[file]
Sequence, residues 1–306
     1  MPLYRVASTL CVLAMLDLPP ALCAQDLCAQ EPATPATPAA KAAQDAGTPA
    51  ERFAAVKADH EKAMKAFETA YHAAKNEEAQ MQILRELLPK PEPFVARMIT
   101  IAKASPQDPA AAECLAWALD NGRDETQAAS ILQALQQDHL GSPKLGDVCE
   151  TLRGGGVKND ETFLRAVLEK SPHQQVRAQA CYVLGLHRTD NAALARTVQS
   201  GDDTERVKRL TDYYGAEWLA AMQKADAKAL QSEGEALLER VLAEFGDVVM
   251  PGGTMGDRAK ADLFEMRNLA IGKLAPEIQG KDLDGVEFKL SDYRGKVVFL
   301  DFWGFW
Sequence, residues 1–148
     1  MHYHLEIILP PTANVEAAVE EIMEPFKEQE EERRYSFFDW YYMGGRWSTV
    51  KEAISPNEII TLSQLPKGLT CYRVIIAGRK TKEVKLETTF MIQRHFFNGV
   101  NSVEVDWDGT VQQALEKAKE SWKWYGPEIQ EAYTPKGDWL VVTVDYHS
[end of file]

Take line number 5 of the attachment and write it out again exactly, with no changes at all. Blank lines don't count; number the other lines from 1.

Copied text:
   151  TLRGGGVKND ETFLRAVLEK SPHQQVRAQA CYVLGLHRTD NAALARTVQS